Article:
264. Death Valley California
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Rain is kept out of the valley by the high mountains, which form its western slopes.
Although mountains surround the valley, Death Valley itself is very low.
In fact, its lowest point is 282 feet below sea level,
the lowest point of land in North or South America.
Death Valley is about 140 miles long, but only a few miles wide.
It got its name in 1849 during the California Gold Rush.
Gold seekers attempted to cross Death Valley on the way to California's gold fields,
and some died of thirst there.
There's hardly any water in the Valley.
The average rainfall is only a couple of inches a year.
It is also one of the hottest places in North America in the summer.
Temperatures of 134 fahrenheit have been recorded.
As a result of this heat and dryness, Death Valley is a desert.
These conditions give rise to the Valley's most important products - mineral salts and salt deposits.
One of these products is borax, which has many industrial uses.
Borax was removed from the desert using 20 mule teams hitched in a long string.
Later, a railway was built to help carry out these minerals.
In spite of its desert conditions, Death Valley has considerable animal and plant life.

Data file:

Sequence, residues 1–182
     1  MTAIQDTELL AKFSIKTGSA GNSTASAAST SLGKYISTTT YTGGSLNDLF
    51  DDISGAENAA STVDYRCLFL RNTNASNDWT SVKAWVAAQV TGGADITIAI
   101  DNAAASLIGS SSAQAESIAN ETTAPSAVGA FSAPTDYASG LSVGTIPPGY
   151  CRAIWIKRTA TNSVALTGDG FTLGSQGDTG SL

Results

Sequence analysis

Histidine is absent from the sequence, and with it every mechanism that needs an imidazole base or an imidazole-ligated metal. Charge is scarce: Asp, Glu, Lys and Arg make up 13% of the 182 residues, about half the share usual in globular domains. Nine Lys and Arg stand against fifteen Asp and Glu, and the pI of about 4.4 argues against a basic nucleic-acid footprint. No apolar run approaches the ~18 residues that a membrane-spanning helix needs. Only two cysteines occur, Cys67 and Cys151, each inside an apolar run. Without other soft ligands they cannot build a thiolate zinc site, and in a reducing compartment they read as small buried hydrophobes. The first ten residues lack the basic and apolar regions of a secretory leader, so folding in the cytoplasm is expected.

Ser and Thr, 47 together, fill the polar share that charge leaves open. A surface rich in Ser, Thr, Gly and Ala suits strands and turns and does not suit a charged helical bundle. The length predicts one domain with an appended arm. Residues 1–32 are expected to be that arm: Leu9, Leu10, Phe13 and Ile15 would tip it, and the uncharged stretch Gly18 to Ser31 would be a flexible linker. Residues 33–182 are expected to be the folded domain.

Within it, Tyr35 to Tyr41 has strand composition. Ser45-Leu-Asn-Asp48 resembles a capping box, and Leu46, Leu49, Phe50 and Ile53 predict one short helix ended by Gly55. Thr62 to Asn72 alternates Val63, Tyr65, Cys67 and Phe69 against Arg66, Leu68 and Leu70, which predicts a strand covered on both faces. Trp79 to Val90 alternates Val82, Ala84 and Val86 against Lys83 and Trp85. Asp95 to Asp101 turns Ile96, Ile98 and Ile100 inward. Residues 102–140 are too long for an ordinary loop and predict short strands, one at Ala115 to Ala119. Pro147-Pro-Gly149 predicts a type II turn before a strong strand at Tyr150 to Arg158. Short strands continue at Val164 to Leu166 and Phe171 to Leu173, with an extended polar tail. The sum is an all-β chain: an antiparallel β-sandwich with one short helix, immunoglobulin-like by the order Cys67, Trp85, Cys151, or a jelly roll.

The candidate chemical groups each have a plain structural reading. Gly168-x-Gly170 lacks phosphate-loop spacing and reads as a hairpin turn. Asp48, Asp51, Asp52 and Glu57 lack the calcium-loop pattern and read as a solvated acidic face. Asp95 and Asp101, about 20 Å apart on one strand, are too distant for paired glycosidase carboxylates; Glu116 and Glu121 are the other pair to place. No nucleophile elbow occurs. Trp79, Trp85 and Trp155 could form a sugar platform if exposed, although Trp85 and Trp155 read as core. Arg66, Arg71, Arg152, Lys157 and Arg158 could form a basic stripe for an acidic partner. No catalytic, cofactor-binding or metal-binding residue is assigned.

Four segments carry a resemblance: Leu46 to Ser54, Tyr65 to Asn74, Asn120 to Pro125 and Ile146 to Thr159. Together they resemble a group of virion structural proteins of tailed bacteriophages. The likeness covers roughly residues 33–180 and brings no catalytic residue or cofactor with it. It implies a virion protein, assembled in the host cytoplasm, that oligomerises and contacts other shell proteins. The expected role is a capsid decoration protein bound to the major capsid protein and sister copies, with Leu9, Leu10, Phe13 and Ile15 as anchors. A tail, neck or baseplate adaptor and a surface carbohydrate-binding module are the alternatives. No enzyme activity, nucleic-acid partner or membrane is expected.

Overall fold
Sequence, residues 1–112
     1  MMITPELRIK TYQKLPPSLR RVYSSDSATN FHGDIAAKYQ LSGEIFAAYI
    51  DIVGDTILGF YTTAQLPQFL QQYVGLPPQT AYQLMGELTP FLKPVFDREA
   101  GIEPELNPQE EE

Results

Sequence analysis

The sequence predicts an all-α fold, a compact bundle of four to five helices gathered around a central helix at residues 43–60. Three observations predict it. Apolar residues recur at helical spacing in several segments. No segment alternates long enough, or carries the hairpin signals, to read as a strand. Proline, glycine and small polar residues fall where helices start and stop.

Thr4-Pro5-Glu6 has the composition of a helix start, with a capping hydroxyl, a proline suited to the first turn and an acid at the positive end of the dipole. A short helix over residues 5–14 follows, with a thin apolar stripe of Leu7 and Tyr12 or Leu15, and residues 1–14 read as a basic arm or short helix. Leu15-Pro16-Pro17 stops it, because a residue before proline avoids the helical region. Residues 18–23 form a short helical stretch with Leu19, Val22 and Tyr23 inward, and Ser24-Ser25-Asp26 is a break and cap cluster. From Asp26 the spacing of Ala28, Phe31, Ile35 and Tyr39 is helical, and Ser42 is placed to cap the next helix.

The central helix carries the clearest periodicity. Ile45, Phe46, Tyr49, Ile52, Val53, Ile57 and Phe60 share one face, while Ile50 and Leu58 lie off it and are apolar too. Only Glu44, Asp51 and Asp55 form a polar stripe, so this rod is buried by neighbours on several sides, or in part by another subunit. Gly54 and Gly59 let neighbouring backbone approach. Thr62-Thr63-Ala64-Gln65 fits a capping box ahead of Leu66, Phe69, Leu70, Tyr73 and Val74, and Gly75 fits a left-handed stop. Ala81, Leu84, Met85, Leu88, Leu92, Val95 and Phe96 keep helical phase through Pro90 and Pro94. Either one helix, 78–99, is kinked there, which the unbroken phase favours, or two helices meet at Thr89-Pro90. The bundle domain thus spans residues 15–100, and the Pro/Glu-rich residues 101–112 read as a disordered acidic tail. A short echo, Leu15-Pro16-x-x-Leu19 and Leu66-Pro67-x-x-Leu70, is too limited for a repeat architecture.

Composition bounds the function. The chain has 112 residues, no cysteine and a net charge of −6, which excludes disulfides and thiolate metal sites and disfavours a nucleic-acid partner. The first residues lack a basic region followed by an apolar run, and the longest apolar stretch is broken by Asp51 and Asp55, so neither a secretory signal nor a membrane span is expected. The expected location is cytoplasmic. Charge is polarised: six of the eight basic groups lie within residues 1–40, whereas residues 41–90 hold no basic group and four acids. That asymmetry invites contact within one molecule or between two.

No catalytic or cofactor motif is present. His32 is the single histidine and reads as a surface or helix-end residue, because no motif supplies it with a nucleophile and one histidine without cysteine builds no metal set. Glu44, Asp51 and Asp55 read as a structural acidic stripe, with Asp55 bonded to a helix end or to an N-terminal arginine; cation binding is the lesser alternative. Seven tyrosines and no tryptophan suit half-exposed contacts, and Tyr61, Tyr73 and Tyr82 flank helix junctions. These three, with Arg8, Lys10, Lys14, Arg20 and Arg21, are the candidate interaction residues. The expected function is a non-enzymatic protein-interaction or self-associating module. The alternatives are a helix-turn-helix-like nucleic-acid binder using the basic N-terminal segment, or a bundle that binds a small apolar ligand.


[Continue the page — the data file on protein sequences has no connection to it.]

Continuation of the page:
Of course, its animals and plants are those typical in desert conditions.
Only on the salt flats do plants refuse to grow.
With even a small rainfall in the spring, the desert will come alive with wild flowers.
Very few places in the world have such a contrast in heights and depths.
The mountains near the Valley are among the highest in Continental U.S.A.,
while the Valley itself is the lowest elevation.
Mount Whitney at 14,495 feet is less than 100 miles from Death Valley.
The climate in the Valley from October to May is generally pleasant.
Since Death Valley is now a national park, many tourists visit during this season.
Now roads and hotels provide comfortable access.
Death Valley is located close to the Nevada border.
Its desert conditions are common throughout the area of the American west just east of the coastal mountains.
In most cases, heavy rain falls along the coast, but very little in the interior.
Because there is no farming and water is hard to obtain,
Death Valley and similar desert areas have very few permanent residents.